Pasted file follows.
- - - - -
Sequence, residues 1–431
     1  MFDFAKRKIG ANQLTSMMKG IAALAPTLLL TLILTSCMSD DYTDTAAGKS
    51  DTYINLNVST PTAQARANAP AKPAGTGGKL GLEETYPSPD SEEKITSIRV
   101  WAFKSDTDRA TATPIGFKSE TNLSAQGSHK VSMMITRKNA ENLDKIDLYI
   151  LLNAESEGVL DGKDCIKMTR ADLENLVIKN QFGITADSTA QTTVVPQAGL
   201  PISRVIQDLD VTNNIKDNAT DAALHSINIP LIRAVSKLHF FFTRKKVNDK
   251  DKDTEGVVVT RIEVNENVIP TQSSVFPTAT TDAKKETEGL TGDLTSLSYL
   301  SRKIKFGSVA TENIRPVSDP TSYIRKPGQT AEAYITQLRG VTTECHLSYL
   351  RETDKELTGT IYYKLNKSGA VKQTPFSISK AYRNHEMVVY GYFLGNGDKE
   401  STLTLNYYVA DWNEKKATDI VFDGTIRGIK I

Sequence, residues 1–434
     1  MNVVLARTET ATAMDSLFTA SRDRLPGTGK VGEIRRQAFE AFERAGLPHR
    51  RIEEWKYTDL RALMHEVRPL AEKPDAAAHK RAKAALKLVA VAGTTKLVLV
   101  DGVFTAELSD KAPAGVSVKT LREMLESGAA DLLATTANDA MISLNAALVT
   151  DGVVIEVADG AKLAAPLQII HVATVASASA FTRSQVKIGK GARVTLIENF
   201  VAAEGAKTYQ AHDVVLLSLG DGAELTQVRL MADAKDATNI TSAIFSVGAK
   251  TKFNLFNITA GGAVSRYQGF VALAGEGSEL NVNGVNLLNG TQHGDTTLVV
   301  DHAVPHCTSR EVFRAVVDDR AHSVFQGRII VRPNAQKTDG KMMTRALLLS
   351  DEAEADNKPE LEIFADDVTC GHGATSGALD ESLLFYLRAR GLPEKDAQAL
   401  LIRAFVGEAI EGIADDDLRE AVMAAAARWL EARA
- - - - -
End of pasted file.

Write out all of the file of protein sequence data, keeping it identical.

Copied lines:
Sequence, residues 1–431
     1  MFDFAKRKIG ANQLTSMMKG IAALAPTLLL TLILTSCMSD DYTDTAAGKS
    51  DTYINLNVST PTAQARANAP AKPAGTGGKL GLEETYPSPD SEEKITSIRV
   101  WAFKSDTDRA TATPIGFKSE TNLSAQGSHK VSMMITRKNA ENLDKIDLYI
   151  LLNAESEGVL DGKDCIKMTR ADLENLVIKN QFGITADSTA QTTVVPQAGL
   201  PISRVIQDLD VTNNIKDNAT DAALHSINIP LIRAVSKLHF FFTRKKVNDK
   251  DKDTEGVVVT RIEVNENVIP TQSSVFPTAT TDAKKETEGL TGDLTSLSYL
   301  SRKIKFGSVA TENIRPVSDP TSYIRKPGQT AEAYITQLRG VTTECHLSYL
   351  RETDKELTGT IYYKLNKSGA VKQTPFSISK AYRNHEMVVY GYFLGNGDKE
   401  STLTLNYYVA DWNEKKATDI VFDGTIRGIK I

Sequence, residues 1–434
     1  MNVVLARTET ATAMDSLFTA SRDRLPGTGK VGEIRRQAFE AFERAGLPHR
    51  RIEEWKYTDL RALMHEVRPL AEKPDAAAHK RAKAALKLVA VAGTTKLVLV
   101  DGVFTAELSD KAPAGVSVKT LREMLESGAA DLLATTANDA MISLNAALVT
   151  DGVVIEVADG AKLAAPLQII HVATVASASA FTRSQVKIGK GARVTLIENF
   201  VAAEGAKTYQ AHDVVLLSLG DGAELTQVRL MADAKDATNI TSAIFSVGAK
   251  TKFNLFNITA GGAVSRYQGF VALAGEGSEL NVNGVNLLNG TQHGDTTLVV
   301  DHAVPHCTSR EVFRAVVDDR AHSVFQGRII VRPNAQKTDG KMMTRALLLS
   351  DEAEADNKPE LEIFADDVTC GHGATSGALD ESLLFYLRAR GLPEKDAQAL
   401  LIRAFVGEAI EGIADDDLRE AVMAAAARWL EARA